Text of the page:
Remember, if you don’t make these decisions early but something unfortunate and unplanned happens, the power to choose who is going to be assisting you may be taken out of your hands.

Eldercare

Right now, the chances are you’re fit and able. You might exercise several times a week and look after your health and your body, with the goal of remaining strong and capable for as long as possible. But we can’t fight that eventual, and probably gradual, decline forever. Come on, admit it – you’ve been noticing those physical signs of aging since your thirties, haven’t you?

A study by the National Institute on Aging revealed that once we hit the grand old age of 85, 40% of men and 53% of women need help with one or more personal care tasks and so struggle then to live independently. From my conversations with friends and clients heading towards retirement, knowing that they’ll be able to afford quality care is one of the most pressing concerns of childfree retirees.

Plan Your Support Team

You may have younger relatives and friends that can help you as you get older, but as a DINK or a SINK, the earlier you can build paid care into your retirement plan, the more funds you’ll be able to allocate it. That’ll mean that you have the peace of mind knowing that you can make the best choices for yourself while your money will stretch out to cover care in those later years of retirement.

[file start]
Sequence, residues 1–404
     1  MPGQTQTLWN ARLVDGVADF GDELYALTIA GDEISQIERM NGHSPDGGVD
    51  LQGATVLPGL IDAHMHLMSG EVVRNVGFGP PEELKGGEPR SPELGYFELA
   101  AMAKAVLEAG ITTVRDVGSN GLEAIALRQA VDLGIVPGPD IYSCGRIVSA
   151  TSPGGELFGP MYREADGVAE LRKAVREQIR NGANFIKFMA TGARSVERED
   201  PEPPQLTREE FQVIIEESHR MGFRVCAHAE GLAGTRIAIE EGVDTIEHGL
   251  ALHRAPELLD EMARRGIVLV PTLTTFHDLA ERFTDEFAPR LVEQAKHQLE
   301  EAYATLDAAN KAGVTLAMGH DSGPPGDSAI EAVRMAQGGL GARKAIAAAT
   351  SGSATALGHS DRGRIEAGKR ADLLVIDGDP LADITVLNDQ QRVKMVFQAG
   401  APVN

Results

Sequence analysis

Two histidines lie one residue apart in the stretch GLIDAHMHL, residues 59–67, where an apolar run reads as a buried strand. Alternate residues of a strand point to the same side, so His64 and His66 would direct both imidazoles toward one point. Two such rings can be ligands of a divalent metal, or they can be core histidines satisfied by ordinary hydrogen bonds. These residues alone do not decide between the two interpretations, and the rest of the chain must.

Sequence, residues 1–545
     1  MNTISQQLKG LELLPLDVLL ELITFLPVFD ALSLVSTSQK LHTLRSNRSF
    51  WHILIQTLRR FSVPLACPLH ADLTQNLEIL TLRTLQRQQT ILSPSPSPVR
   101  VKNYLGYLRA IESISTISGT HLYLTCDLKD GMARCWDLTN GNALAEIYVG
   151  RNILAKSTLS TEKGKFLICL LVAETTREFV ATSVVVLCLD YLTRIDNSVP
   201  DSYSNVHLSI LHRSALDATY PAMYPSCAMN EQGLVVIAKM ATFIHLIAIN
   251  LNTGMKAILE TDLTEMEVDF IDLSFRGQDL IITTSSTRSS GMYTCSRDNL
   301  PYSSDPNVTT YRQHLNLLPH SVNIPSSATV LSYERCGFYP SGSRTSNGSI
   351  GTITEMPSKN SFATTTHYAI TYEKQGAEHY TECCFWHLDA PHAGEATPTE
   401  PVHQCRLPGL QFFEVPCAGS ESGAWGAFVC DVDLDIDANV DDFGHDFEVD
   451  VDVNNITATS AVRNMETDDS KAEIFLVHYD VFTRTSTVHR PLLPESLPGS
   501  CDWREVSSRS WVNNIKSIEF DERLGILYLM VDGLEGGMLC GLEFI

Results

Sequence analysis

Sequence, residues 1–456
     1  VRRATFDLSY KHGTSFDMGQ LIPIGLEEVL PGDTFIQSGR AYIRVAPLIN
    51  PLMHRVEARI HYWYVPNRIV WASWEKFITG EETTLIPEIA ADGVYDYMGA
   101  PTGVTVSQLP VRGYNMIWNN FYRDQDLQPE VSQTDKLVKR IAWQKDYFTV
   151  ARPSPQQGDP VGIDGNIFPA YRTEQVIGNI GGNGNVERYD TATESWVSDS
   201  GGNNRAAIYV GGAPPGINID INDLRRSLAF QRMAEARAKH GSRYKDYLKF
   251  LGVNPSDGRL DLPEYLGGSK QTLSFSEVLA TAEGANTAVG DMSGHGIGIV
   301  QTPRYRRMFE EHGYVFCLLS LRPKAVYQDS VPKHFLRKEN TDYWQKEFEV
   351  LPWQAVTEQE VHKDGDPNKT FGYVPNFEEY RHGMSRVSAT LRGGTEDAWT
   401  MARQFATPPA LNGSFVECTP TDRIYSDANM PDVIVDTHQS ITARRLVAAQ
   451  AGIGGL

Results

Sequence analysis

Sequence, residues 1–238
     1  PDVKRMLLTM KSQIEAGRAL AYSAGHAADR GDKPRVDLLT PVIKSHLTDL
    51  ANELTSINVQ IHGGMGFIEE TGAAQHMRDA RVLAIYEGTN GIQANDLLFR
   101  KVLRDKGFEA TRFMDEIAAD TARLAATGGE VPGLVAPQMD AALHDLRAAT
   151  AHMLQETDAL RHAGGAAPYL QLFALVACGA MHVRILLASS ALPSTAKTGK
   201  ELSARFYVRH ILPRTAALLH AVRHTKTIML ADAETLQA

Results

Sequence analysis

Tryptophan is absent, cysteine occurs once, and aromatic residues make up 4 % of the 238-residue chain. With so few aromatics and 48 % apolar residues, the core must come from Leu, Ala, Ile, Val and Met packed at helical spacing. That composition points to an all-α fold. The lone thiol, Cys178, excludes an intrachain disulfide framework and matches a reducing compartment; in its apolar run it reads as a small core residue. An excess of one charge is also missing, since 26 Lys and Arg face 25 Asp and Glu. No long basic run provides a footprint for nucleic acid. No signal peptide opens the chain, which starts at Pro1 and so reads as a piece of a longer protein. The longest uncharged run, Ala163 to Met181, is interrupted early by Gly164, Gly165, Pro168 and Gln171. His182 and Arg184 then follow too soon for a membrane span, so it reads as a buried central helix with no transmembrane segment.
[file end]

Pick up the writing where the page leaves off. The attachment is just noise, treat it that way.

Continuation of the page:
One of the most reliable ways to plan for all of these eventualities is to take out a long-term care (LTC) insurance plan as early as possible. This will help you to pay for all kinds of care as you age, including things like personal care at home, the costs of a nursing home or an assisted living arrangement.

These things are all costly, so having a long-term care insurance policy is the best way to protect your funds from being completely drained. It’s worth bearing in mind that you can spend more than $100,000 a year for a private room in a nursing home.

Transfer of Assets